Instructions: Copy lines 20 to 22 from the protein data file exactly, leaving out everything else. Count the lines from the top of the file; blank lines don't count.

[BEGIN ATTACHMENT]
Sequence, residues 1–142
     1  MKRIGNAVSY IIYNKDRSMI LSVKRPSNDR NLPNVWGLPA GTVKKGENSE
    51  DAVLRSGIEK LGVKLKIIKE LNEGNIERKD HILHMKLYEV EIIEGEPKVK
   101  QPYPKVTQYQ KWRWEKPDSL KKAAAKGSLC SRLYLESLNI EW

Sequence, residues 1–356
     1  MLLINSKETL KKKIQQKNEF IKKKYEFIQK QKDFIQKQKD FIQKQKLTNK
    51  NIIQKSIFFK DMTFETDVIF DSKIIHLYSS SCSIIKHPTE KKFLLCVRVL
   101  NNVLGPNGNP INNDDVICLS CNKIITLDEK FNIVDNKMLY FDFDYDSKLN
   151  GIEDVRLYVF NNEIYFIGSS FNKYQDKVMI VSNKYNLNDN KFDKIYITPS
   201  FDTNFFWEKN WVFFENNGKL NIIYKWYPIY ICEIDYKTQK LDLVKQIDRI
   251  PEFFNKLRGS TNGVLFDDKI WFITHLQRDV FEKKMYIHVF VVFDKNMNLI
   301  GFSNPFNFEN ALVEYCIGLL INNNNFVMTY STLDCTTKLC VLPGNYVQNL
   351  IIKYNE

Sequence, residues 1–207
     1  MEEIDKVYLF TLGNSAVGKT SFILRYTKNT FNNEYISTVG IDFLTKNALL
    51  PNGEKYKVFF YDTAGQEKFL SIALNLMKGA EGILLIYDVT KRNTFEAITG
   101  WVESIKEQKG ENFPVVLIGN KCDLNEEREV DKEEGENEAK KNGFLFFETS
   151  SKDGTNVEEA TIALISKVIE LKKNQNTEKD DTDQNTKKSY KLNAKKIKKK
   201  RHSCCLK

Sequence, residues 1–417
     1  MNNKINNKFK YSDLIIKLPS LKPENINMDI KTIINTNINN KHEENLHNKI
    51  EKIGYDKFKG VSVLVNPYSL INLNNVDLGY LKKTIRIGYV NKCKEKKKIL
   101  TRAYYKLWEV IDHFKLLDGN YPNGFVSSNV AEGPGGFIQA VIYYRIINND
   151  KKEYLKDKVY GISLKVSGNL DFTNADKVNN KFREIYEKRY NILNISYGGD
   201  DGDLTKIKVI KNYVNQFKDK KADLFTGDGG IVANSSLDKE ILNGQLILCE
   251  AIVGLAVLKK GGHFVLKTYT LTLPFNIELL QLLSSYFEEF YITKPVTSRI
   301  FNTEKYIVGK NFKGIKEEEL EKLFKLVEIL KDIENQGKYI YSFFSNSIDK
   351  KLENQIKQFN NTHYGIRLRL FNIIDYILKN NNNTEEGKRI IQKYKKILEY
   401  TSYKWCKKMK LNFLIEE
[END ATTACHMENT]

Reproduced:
Sequence, residues 1–417
     1  MNNKINNKFK YSDLIIKLPS LKPENINMDI KTIINTNINN KHEENLHNKI
    51  EKIGYDKFKG VSVLVNPYSL INLNNVDLGY LKKTIRIGYV NKCKEKKKIL